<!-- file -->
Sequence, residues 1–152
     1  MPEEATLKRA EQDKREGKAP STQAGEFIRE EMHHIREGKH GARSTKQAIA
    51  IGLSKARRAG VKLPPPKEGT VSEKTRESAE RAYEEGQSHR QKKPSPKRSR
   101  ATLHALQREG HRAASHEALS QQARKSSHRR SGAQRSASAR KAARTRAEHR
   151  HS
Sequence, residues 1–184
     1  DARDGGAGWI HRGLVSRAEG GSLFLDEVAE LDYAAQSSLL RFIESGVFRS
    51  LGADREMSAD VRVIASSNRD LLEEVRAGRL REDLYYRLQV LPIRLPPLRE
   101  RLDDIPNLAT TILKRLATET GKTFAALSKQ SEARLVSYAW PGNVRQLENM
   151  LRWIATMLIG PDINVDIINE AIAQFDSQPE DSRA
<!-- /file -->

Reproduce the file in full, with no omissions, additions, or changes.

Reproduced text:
Sequence, residues 1–152
     1  MPEEATLKRA EQDKREGKAP STQAGEFIRE EMHHIREGKH GARSTKQAIA
    51  IGLSKARRAG VKLPPPKEGT VSEKTRESAE RAYEEGQSHR QKKPSPKRSR
   101  ATLHALQREG HRAASHEALS QQARKSSHRR SGAQRSASAR KAARTRAEHR
   151  HS
Sequence, residues 1–184
     1  DARDGGAGWI HRGLVSRAEG GSLFLDEVAE LDYAAQSSLL RFIESGVFRS
    51  LGADREMSAD VRVIASSNRD LLEEVRAGRL REDLYYRLQV LPIRLPPLRE
   101  RLDDIPNLAT TILKRLATET GKTFAALSKQ SEARLVSYAW PGNVRQLENM
   151  LRWIATMLIG PDINVDIINE AIAQFDSQPE DSRA